What follows is the policy for noding all things Japan
-related on E2, as determined by bakufu
, the E2 usergroup
created to handle such sticky questions. If you have a question regarding anything related to Japan, Japanese language and culture, or Japan-related noding that is not covered here, please /msg any member of the bakufu
usergroup and we will be happy to assist you!
All biographical writeups should display the person's name in Japanese order using kanji (see using unicode below). For example, Matsuo Basho would have the following displayed at the top of his writeup:
Please note that these same naming conventions should be used for other Asian languages - Chinese, Taiwanese, Korean, etc. - according to the most common usage.
Use Unicode over EUC and Others
The honorable microlith suggests using Mozilla, as it automatically converts input to HTML entities. Microsoft Internet Explorer can display the entities with no problem, but will only input in Shift-JIS and JIS (depending on your IME settings).
For those whose OS does not support Japanese (Windows 98/Windows NT 4.0Eng) or isn't set up for it, microlith recommends getting JWPce at http://www.physics.ucla.edu/~grosenth/c_ main.html as it works on Windows and Linux (with the help of Wine). It's a decent word processor and has a built in Japanese/English dictionary based on EDict (as well as being GPL, for those interested). It does not save (yet) into unicode HTML entities, but provides a decent editing environment.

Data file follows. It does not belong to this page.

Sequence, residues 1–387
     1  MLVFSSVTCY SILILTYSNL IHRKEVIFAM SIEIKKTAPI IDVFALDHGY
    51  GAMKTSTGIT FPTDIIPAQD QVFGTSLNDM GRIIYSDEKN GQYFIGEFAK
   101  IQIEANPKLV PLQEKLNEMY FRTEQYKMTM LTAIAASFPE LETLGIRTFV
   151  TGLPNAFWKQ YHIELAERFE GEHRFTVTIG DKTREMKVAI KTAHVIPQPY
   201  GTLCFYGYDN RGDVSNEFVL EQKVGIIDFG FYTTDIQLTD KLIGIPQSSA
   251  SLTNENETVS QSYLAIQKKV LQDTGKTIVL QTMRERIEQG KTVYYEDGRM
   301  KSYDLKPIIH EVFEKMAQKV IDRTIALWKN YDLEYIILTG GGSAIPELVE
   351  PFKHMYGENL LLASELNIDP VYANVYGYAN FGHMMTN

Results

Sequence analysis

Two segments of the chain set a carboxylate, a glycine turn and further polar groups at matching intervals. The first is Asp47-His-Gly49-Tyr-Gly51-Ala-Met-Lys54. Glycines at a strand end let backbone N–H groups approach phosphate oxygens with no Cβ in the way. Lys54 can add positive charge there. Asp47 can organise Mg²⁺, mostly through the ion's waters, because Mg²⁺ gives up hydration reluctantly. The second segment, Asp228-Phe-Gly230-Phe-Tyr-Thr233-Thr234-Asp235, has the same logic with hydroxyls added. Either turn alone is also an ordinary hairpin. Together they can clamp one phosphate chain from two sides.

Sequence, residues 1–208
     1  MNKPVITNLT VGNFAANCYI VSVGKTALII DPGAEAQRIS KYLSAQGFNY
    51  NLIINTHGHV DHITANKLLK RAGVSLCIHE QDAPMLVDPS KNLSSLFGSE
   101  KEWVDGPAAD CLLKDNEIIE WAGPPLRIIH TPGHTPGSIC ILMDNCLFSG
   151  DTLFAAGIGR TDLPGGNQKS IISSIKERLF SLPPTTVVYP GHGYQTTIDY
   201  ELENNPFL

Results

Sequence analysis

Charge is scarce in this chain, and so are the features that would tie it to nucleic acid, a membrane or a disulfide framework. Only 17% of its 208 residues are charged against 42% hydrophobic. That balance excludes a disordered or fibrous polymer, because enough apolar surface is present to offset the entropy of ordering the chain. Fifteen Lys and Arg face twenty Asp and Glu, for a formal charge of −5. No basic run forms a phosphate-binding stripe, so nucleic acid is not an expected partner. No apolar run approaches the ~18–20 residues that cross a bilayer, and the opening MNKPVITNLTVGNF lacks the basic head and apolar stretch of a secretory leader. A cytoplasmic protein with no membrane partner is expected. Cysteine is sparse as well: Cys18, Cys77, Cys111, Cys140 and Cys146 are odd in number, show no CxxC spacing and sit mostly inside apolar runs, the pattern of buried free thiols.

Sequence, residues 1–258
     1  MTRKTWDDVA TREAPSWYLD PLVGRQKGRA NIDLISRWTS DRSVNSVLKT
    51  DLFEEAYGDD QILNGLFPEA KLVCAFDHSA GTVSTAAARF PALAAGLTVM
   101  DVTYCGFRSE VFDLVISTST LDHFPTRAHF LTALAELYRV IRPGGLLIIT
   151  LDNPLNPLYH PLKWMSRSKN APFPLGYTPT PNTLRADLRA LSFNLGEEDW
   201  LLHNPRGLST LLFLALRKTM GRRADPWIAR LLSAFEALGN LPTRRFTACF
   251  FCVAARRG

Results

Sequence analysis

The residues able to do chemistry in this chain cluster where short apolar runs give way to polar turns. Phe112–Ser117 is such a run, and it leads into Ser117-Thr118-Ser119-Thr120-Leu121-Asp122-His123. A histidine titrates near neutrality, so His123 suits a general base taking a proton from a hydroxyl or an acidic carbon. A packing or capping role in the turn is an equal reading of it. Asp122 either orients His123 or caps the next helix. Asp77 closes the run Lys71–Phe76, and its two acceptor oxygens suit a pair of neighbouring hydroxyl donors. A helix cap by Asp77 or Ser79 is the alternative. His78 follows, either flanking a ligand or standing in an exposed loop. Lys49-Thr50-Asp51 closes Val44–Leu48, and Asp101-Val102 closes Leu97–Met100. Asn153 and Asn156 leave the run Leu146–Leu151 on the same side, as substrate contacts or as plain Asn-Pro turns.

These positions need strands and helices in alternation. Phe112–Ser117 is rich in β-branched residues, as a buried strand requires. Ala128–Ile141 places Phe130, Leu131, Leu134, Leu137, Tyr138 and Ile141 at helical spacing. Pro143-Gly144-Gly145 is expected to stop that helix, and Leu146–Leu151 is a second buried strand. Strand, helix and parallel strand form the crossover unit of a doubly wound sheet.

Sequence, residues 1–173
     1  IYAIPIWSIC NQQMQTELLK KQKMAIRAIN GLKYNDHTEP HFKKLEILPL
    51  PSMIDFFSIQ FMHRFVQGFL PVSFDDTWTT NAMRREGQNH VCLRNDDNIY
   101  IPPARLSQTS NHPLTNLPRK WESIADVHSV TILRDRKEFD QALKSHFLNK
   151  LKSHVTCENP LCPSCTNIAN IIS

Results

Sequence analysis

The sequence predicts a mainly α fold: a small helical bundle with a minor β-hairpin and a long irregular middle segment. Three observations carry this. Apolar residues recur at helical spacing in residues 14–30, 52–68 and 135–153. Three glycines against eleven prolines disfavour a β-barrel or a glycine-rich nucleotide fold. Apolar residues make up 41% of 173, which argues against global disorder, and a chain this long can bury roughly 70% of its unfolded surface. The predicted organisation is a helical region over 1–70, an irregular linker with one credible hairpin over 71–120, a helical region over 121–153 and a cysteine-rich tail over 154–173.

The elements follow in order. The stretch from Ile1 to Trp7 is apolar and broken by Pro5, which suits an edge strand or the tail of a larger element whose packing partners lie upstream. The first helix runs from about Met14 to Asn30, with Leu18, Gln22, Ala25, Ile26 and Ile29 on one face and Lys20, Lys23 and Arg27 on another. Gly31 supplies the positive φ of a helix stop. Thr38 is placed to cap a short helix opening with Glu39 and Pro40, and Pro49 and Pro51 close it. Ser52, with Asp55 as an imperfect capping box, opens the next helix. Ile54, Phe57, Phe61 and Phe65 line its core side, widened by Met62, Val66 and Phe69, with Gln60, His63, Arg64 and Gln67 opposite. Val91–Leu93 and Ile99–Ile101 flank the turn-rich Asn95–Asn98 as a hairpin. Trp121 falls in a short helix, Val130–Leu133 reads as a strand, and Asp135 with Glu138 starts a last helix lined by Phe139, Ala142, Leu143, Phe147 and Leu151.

For grammatic particles, use the modern transliterations of は, へ, and を:
- We do not represent Japanese long vowels in node titles. Get used to it.
- NEVER use macrons or circumflexes in node titles.
- Do not use long vowels "ou", "oo", "uu", or "aa" in node titles. Instead use "o", "u", or "a".
- This means "Tokyo" instead of "Toukyou", "sumo" instead of "sumou", and "Osaka" instead of "Oosaka".
- However, you are free (nay, even encouraged) to use long vowels within the body of your writeups for accuracy, just not within the node title
- With the exception of long vowels noted above, always use Hepburn spellings in node titles.
For geographic features, use English names:
Titles of creative works should be in English.
Wherever possible, hyphenated forms of Japanese terms should be avoided. Instead, treat the hyphenated word as a single compound word.
- In node titles, transliterate the particle を as "o", NEVER as "wo".
- Transliterate the particle は as "wa", NEVER as "ha".
- Transliterate the particle へ as "e", NEVER as "he".
- Note that characters は and へ should still be transliterated as "ha" and "he" when they appear within other words, just not when they are particles.